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The importance of frequencies above 10K when designing speakers is?

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  • The importance of frequencies above 10K when designing speakers is?

    My hearing is generally fine but cuts off at 10K. Most forum residents are above 40 years old and most audiophiles at least that. According to the brief research I've done, the average male 50 year old finds 12K inaudible and the average 40 year old had a hearing loss of 12db at 4K. That is not a typo, the average 40 year old male has a 12db hearing loss at 4K compared to what he could hear as a teen.
    Also, as I understand it, the amount of content in frequencies above 10K is very low compared to that of the total frequency band in most music. Because "bat eared" teen agers are capable of descriminating the presence or absence of tones of 18 to 20K, should we speaker builders go to significantl effort to make our speakers " flat" in the 10-20K range?
    Despite all this, there is no doubt that we (experienced listeners) can easily notice what we percieve as major differences in realism and sound quality of the speakers we build and the way they sound when we alter the FR between 40 and 10K in our crossovers. Floyd Toole emphasizes the importance of flat frequency response and bass in the subjective rating of speaker quality, but to my memory, does not consider the relative importance of the 10K and up frequencies.
    I would love to hear from forum builders and designers with various amounts of known high prequency hearing loss as to how much importance they place on what is going on in the 10K up band. I would also love to hear from any resident who can detect frequencies of 12K or higher, about their perceptions of speakers that are either quite high or low in the 10K and up band.
    I can only hear frequencies of 10K and below, but I can judge a speakers sound quality partially by the nature of the "shimmer" on cymbals or the tone of high notes on a violin, but I'm not sure if these qualities have more to do with other speaker characteristics than frequency response.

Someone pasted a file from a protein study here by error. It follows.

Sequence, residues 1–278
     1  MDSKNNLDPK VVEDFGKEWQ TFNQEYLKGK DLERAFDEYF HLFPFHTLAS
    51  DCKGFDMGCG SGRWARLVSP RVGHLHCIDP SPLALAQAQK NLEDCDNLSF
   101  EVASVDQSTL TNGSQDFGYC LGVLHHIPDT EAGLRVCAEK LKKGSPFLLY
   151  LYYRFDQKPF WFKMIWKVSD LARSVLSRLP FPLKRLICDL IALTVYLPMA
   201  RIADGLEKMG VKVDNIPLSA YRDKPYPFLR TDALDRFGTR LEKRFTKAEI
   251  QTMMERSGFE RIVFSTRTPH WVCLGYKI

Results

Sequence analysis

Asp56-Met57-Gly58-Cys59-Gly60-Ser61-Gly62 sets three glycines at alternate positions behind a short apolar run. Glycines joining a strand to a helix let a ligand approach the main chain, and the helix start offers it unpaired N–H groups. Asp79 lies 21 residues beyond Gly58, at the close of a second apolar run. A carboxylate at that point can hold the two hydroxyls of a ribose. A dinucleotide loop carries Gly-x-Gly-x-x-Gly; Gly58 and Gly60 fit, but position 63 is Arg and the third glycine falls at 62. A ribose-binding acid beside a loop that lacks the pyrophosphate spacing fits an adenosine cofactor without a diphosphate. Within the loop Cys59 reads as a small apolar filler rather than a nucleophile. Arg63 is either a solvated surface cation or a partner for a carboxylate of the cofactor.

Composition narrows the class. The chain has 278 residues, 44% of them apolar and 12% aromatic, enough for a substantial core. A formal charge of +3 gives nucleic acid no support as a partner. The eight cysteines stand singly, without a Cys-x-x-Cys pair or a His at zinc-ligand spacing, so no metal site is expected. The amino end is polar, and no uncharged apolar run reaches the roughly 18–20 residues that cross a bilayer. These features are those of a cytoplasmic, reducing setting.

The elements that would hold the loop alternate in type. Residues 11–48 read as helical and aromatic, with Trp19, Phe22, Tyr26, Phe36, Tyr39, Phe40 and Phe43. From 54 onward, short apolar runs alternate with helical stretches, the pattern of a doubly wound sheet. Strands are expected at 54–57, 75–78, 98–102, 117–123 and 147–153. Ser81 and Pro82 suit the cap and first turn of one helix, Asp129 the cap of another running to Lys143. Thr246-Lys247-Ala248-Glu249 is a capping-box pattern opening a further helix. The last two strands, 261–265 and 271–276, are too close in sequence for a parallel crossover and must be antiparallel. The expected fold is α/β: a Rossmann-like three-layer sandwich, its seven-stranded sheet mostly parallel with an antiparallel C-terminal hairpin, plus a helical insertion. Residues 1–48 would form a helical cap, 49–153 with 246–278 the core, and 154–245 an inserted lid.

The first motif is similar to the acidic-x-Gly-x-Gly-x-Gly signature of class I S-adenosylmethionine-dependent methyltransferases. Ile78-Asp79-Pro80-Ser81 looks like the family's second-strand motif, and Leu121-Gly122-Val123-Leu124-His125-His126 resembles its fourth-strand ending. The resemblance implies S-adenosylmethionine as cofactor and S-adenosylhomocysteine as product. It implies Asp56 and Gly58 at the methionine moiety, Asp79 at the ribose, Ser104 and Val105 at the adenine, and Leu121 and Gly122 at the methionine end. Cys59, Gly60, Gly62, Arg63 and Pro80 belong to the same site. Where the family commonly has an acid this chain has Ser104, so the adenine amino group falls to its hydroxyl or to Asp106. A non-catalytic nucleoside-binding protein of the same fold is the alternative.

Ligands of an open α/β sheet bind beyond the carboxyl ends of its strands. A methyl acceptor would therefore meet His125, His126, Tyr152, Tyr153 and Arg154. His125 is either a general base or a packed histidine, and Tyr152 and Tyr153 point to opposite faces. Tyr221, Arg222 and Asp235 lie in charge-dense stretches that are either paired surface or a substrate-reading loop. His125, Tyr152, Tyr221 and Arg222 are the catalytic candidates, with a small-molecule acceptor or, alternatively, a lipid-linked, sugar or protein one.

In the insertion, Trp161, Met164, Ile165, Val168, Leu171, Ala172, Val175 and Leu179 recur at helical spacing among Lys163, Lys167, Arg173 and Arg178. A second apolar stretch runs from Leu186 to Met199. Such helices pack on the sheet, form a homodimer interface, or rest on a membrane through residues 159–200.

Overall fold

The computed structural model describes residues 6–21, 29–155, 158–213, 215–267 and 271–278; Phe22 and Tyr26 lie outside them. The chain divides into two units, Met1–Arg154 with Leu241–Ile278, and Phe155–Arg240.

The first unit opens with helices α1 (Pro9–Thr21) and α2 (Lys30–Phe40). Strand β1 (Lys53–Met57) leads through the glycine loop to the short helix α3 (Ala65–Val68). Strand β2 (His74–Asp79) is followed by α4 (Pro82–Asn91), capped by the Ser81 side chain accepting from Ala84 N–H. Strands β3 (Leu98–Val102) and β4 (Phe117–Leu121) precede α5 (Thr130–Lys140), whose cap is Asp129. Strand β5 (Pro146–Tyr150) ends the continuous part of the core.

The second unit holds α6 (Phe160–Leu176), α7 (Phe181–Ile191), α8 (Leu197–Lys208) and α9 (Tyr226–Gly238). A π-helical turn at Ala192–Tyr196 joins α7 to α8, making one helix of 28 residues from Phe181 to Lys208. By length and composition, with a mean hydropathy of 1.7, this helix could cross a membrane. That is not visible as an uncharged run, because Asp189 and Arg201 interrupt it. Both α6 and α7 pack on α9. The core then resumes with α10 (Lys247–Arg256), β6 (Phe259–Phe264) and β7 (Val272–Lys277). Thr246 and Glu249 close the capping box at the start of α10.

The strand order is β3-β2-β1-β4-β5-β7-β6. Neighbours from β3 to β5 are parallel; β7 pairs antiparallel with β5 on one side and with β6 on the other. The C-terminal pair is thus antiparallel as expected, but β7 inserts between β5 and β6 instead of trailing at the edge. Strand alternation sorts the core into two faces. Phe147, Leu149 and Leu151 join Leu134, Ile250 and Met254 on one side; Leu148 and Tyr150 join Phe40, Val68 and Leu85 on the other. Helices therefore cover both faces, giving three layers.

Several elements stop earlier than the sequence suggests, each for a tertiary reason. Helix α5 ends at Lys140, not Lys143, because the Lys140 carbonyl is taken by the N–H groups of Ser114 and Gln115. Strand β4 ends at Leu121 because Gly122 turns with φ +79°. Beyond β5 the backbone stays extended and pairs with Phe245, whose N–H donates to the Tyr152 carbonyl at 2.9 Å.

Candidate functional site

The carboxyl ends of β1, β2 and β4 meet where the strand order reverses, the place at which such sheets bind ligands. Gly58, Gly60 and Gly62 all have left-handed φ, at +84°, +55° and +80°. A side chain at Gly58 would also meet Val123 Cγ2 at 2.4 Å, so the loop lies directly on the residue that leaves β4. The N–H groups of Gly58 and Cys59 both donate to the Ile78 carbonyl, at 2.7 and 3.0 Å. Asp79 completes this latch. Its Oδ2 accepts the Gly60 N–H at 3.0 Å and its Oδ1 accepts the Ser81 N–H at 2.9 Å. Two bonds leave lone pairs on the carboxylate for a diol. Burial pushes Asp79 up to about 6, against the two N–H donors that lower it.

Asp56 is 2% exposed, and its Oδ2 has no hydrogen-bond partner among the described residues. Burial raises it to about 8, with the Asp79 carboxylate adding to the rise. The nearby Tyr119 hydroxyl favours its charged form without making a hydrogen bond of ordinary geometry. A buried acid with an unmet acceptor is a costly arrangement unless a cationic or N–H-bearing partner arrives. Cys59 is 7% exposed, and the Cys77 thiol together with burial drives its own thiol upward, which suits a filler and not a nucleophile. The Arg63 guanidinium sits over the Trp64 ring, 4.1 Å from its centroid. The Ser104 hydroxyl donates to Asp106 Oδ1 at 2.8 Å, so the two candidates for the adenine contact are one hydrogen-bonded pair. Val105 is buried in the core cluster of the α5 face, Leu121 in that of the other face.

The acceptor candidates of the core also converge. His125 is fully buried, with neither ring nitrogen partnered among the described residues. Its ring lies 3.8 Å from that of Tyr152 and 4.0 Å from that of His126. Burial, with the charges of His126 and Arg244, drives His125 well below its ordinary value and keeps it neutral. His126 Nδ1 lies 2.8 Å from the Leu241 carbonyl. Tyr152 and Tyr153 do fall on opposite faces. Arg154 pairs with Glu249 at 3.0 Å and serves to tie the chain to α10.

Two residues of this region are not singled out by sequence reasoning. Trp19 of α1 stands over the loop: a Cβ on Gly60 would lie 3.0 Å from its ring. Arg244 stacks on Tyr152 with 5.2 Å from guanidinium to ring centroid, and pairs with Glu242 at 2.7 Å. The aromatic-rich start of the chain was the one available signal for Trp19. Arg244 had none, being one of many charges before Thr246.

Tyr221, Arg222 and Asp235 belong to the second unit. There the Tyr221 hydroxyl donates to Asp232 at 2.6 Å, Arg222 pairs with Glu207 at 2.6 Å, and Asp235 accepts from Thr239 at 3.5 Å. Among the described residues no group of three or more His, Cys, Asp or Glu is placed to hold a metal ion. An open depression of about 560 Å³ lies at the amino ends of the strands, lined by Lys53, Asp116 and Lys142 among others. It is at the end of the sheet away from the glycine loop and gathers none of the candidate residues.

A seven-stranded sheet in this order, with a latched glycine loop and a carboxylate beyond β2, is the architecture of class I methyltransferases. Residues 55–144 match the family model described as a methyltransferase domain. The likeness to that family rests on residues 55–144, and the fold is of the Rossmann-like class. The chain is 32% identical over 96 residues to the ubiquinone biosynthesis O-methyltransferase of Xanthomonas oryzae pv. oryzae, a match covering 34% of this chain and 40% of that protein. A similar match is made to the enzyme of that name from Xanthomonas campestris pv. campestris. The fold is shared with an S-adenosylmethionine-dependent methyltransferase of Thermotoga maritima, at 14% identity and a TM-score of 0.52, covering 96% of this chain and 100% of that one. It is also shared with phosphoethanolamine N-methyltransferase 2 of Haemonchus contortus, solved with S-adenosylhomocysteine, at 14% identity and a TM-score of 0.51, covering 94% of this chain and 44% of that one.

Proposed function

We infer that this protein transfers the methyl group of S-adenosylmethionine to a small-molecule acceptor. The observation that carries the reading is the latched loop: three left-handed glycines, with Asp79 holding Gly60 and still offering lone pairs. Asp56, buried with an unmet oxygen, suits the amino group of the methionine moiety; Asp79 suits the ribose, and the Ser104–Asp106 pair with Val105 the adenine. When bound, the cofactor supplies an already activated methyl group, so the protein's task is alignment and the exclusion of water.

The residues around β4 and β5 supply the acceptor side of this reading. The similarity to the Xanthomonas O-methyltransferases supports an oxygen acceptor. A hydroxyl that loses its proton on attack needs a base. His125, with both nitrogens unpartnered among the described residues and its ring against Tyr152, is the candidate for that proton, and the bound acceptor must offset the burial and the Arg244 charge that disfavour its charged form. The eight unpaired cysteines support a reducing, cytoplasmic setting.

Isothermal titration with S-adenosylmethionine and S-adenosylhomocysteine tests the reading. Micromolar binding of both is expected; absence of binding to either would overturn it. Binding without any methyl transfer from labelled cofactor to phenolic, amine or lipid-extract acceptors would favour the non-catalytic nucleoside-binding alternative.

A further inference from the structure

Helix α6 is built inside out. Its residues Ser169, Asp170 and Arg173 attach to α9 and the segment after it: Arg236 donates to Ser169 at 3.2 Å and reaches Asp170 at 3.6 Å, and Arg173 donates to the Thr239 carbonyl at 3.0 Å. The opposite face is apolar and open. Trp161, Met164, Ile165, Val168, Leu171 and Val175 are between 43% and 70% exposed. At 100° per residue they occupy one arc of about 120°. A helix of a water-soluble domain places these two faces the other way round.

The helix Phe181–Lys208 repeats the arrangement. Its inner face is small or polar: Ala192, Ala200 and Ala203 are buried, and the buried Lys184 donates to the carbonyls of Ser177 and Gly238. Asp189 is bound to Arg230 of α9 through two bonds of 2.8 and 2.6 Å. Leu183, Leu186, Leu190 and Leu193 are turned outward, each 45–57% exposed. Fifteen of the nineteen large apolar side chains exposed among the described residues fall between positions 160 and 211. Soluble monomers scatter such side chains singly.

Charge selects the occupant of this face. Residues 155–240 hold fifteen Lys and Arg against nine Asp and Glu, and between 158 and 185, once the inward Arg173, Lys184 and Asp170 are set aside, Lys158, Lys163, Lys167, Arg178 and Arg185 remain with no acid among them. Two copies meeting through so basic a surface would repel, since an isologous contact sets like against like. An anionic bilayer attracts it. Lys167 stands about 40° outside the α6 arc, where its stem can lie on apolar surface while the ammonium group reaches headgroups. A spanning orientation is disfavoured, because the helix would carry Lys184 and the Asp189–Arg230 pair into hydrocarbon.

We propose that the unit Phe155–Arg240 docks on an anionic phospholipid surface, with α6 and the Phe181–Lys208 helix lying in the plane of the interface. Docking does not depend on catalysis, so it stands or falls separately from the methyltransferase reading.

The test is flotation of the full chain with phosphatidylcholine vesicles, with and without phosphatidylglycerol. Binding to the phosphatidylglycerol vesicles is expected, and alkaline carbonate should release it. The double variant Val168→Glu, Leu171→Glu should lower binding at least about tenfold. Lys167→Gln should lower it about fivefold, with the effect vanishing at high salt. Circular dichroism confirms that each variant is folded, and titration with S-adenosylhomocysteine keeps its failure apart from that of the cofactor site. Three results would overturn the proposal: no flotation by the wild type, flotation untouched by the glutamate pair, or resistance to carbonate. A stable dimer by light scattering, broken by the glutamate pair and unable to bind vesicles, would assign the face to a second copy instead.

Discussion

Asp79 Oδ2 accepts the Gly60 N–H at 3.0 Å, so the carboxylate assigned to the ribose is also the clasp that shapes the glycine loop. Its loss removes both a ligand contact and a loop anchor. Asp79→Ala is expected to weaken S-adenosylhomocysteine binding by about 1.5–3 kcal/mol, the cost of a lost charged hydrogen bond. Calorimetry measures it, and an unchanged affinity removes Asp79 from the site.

I am not suggesting that we should ignore the 10K up band, some residents are building speakers for their teen children after all, but it might be interesting to ask some young folks to describe the differences they hear between a speaker of known frequency response where you use equalization to supress or exagerate various frequencies above 10K.
    Your thoughts on this topic are of considerabe intrest to me and could be informative to others, please chime in.

    Best regards,

    Jay

  • #2
    I think you've answered your own question.

    Try this with some PC software or DSP. Make a high q filter, add 5-10dB gain and move the center frequency around in the high end, then do the same with 5-10dB of cut. Do this with your favourite music with high frequency content, symbols and such. This should give you some perspective on what frequency bands sound like in music content when they are overly accentuated or missing. You may be surprised how little is going on above 12kHz.
    "I just use off the shelf textbook filters designed for a resistor of 8 ohms with
    exactly a Fc 3K for both drivers, anybody can do it." -Xmax

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    • #3
      I suspect that the fact that the tweeter does not drop sharply at 10K may be more important than the actual sound above 10K. The change in frequency possibly causes audible phase shifts which may be very audible. This could explain why extended response sounds good even if we are technically not able to hear it.

      Cymbals have a lower fundamental frequency than you may think, I looked this up recently and cymbals resonate from 1 to 5 kHz, if I recall correctly. There are certainly harmonics at multiples of this frequency which add to the realism of the sound. Maybe if the the fundamental and the first harmonic are reproduced accurately, is this enough? How many harmonics do we need for realistic sound? I do not know the answer to this question.

      I have a pair of full range drivers that start rolling off at 9-10 KHz and yet the cymbals sound very realistic to me. There is however a slight dullness to the high end when compared to traditional speakers. Adding a tweeter has not improved the overall sound as of yet, but I plan to keep trying.

      Interesting topic!

      Comment


      • #4
        I'm 70, I can still hear 12kHz clearly. A few tweeters roll off that low, but there's no reason to search them out, having 15kHz response isn't going to hurt anything. Where full range drivers are concerned you may find axial response to 10-12kHz adequate, but off axis not so much. The more pertinent question for listeners of all ages is whether having response to higher than 15kHz is beneficial. For the most part it's not. That won't stop the 'Golden Ears' from insisting that they need 20kHz or higher, preferably higher, but those guys will believe anything.
        www.billfitzmaurice.com
        www.billfitzmaurice.info/forum

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        • #5
          Billet touched on some of the things I would bring up in a discussion on that top octave above 10k. I have retained much of my hearing in that range and easily identify 17k tones. I haven’t done any recent testing specifically out to 20k but I recall there being enough meat there for me to hear it just fine.